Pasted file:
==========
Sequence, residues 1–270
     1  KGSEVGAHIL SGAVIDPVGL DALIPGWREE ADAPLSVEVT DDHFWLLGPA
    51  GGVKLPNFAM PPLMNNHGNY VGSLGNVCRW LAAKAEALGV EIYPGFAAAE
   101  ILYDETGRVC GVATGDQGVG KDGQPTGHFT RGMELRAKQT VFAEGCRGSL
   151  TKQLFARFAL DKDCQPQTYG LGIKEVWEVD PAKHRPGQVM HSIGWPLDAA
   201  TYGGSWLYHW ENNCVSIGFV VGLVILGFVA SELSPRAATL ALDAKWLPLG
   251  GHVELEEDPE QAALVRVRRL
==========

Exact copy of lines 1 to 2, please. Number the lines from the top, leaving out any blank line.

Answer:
Sequence, residues 1–270
     1  KGSEVGAHIL SGAVIDPVGL DALIPGWREE ADAPLSVEVT DDHFWLLGPA